getting offset from iterator for use in another container

This is a discussion on getting offset from iterator for use in another container within the C++ Programming forums, part of the General Programming Boards category; Hello, I have two vectors (of different types) whose elements correspond to each other. I'm going through vector<foo> A using ...

  1. #1
    Kiss the monkey. CodeMonkey's Avatar
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    getting offset from iterator for use in another container

    Hello,
    I have two vectors (of different types) whose elements correspond to each other. I'm going through vector<foo> A using find_if and removing some elements. I want to remove the corresponding elements in vector<bar> B. What is the cleanest way? I don't think that
    Code:
    iter - A.begin()
    is a good idea. What do you think?
    "If you tell the truth, you don't have to remember anything"
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  2. #2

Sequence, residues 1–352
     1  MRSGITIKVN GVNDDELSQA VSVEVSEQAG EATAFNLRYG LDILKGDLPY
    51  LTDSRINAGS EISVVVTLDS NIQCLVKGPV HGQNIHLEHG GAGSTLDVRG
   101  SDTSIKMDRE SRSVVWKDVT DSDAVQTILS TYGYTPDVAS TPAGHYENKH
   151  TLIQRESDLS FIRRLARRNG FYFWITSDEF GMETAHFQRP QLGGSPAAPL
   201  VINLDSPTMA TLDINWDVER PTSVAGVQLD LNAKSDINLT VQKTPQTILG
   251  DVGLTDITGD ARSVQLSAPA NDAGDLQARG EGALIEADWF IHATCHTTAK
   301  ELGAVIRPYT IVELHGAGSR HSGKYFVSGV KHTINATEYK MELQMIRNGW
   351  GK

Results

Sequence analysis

Kiss the monkey. CodeMonkey's Avatar
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    You know what, I'm better off just going through manually beginning to end. This way I don't check the early elements multiple times DUH. But I'm still curious about the answer to my OP.
    "If you tell the truth, you don't have to remember anything"
    -Mark Twain

  3. #3
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    Well the desire to do so points to a design error. If vector B's element's depend on vector A's elements, then you should instead have a list of foo bar pairs, or perhaps one of the object types should hold the other.

    But if you want to force a way to do it, then yeah iter-A.begin is as good a way as any. Or you can forget about find_if, and use an indexed for loop.
    It is too clear and so it is hard to see.
    A dunce once searched for fire with a lighted lantern.
    Had he known what fire was,
    He could have cooked his rice much sooner.

  4. #4
    Registered User manasij7479's Avatar
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    I have two vectors (of different types) whose elements correspond to each other
    also, what you said, indicated that the order doesn't matter. If so, std::map would be a better and cleaner option.
    Manasij Mukherjee | gcc-4.8.2 @Arch Linux
    Slow and Steady wins the race... if and only if :
    1.None of the other participants are fast and steady.
    2.The fast and unsteady suddenly falls asleep while running !



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